The last out of the last inning of the last game of the World Series can be a bittersweet moment for baseball fans.
On the one hand, it means that you have just witnessed the pinnacle of a great sport, the moment when a champion is crowned and an entire year’s worth of hard work pays off for one select group.
On the other hand, it means that baseball is leaving us. It means that summer has officially given way to the cold of winter, and that the months of having daily baseball to look forward to have disappeared with the warmth of the sun.
But fear not. There’s always winter league ball. That’s right, winter ball. The barely covered, basically unwatched, under-the-radar version of America’s pastime that is played around the world—except of course in America.
Winter ball may not get the hype of the MLB season, but it still presents a high level of baseball to the viewing public who choose to follow it. The big names are there. The talent is there. The competitiveness is there. Occasionally, the cameras are even there.
So in order to help you transition away from the MLB season, in order to get you through the winter and into spring training as quickly as possible, here is a list of some of the talent who use winter ball leagues to keep their games sharp and their bodies (mostly) in shape.
Think of it as a list of the next best things.
Probably the biggest, most established name in all of winter baseball is Carlos Zambrano.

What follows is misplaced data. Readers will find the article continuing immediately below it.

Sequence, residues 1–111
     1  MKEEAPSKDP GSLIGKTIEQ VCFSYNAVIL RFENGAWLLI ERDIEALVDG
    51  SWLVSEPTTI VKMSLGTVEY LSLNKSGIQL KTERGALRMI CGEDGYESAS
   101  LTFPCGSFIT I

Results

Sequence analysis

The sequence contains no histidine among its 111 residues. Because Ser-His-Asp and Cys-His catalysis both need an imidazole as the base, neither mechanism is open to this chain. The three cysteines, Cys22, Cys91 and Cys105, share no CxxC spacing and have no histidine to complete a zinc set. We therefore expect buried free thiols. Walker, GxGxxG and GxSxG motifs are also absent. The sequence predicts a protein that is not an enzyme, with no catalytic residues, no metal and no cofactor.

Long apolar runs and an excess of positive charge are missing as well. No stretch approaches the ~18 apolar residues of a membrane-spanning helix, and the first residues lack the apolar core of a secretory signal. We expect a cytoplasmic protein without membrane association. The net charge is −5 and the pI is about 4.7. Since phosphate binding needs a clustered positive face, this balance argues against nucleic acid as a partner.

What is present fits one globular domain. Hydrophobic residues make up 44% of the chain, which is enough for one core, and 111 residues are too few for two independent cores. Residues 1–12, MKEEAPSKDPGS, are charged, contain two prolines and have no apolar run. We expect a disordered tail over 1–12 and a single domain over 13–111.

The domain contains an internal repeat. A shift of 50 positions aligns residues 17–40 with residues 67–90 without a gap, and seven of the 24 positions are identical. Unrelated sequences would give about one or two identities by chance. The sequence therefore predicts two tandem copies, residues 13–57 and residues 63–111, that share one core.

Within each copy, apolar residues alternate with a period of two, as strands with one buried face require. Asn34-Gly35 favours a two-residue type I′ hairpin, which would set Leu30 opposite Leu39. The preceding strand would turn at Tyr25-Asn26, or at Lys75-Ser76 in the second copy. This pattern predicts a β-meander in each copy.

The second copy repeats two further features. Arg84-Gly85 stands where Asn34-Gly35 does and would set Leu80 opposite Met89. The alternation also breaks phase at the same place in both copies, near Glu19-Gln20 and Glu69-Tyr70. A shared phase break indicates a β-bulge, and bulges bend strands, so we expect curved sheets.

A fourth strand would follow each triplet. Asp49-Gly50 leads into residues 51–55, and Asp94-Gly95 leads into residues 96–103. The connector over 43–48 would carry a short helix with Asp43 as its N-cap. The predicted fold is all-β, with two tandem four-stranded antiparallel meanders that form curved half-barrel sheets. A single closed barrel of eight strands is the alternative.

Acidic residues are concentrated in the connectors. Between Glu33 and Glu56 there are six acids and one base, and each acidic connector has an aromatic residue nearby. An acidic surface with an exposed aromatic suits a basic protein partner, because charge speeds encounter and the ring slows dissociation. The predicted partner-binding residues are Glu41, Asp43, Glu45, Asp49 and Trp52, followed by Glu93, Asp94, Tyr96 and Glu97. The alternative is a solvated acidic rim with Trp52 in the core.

Unfortunately for Cubs fans and their former ace, Zambrano’s is also the name that is likely closest to irrelevance on this list.
While Big Z could certainly use his time in the Venezuelan League to work on his command and hopefully regain some of his long-lost velocity, the biggest boon from his offseason experience could be the chance to get back to his roots, get grounded, screw his head on straight and come back to Chicago in the spring as a better teammate with a new attitude.
I know, I know. Arizona Fall League does not technically count as “winter” baseball. In fact, the word “fall” is right there in the name of the league. However in terms of pure, tantalizing talent, the AFL is by far the most exciting thing going right now, and it runs through November, which gives baseball fans an extra month to scout the top prospects who will likely impact the 2012 MLB season.
And as top prospects go, it’s hard to climb much higher than the number one overall pick in the MLB draft. Big righty Garrit Cole earned this distinction when the Pirates selected the UCLA Bruin first overall in the 2011 MLB draft.
Although he clearly has a long road to travel before he reaches the big leagues, Cole has so far adjusted nicely to pro-level hitting, going 2-0 with a 3.00 ERA in his three starts for the mighty Mesa Solar Sox.
Bryce Harper has a little bit of an attitude problem, but is exceedingly good at baseball. Maybe you've read about it. It's been on the Internet.
In the AFL, Harper has continued what seems to be an emerging trend in his young career: he struggles initially at every new level he reaches, then gets comfortable and proceeds to tear the cover off the ball without mercy.
Although his slow start has resulted in a paltry .259 batting average in Arizona, Harper has jacked three homers to go along with 10 RBI’s in his last three games. It’s safe to say he is now feeling more comfortable at the plate, and is primed for a major league appearance in 2012 with the Nationals.